Thursday, June 26, 2014
Buying a new home is one of life’s most gratifying experiences. As you approach the big day of closing, however, all the details can be overwhelming. You might easily overlook the single most important step in the entire process – purchasing an Owners Title Insurance Policy.
1. What Is A Title?
A title is the legal evidence that a person has ownership and possession of land. Since it is possible that someone other than the owner has the legal right to the property, the premium coverage offered by an Owner’s Title Insurance Policy is a MUST for the added peace of mind.
There can be a number of problems that remain undisclosed even after the most careful search of public records. These hidden “defects” are very dangerous. Sometimes these defects are not discovered for months or years after you purchase your home. You could be forced to spend substantial sums on a legal defense to protect your rights. With an Owner’s Title Insurance policy you are protected.
2. Two Types of Title Insurance
Your lender will require that you purchase a Lender’s Policy. This policy only insures that they (the lender) have a valid, enforceable lien on the property. It does not protect you! The Owner’s Title Insurance policy, on the other hand, is designed to protect your equity.
3. How Much Does Title Insurance Cost?
The one-time premium is directly related to the value of your home. Typically, it is less expensive than your annual auto insurance. It is a one-time only expense, paid when you purchase your home. Yet it continues to provide complete coverage for as long as you or your heirs own the property. Please contact our office for a quote. The Owner’s Policy provides complete protection from these and a host of other hidden defects:
- Creditor Claim
- Undisclosed Heirs
- Mistakes In Recording
- Incorrect Legal Description
- Forged Deeds
- Errors In Tax Records
In addition to all of the coverage provided in the traditional owner’s policy, some policies offer expanded coverage. Now you can also insure against:
- Zoning Violations
- Subdivision Law Violations
- Improvements That Encroach Into An Easement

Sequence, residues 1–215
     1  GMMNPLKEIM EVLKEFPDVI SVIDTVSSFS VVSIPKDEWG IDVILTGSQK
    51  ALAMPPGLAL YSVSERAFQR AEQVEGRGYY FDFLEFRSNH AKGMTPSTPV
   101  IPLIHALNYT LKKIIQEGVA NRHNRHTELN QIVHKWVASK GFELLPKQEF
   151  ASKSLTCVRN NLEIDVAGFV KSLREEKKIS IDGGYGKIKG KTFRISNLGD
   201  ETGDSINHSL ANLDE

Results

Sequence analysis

- Unmarketability Of Your Title
These expanded policies provide more coverage than ever before. Now you can have the peace of mind that your title is protected in many additional ways. Purchasing an Owner’s Policy when you close on your home provides you with lasting protection and coverage.
Holding Title to Real Estate
The three most common ways two or more persons may hold title to real estate are:
- Tenants in Common
- Joint Tenants
- Tenants by the Entirety
Who Has Control and Management of the Property?
- When title is held as Tenants in Common or Joint Tenants, the rents, control, management and possession of the property is in the owner equally, in the absence of an agreement to the contrary, but the individuals can divest themselves of their individual share in the property without the joining in of the others.
- Under the provisions of G.L. c. 209, § 1, when title is held as Tenants by the Entirety (which is limited to husband and wife) rents, control, management and possession of property are in the owners equally.
What Happens Upon the Death of One of the Owners?
- When title is held as Tenants in Common, it is necessary to probate the estate of the deceased before the real estate may be sold or mortgaged. There is no right of survivorship.
- When the title is held as Joint Tenants or as Tenants by the Entirety, the title automatically succeeds to the surviving title holder or title holders without the necessity to probate the estate of the deceased before the real estate may be sold or mortgaged.
- In any case of death of an owner of real estate, whether Tenants in Common, Joint Tenants or Tenants by the Entirety, it is necessary to procure a release of the estate tax or taxes which automatically – by statute – become a lien on the property.
Please note: This information is intended only to give a brief description of the three common ways of holding title and is not provide for the purpose of advising you how to take title. If further information is desired about creditors’ rights against the title, advantages and disadvantages with respect to estate planning and other practicalities, you should consult with an attorney for further advice.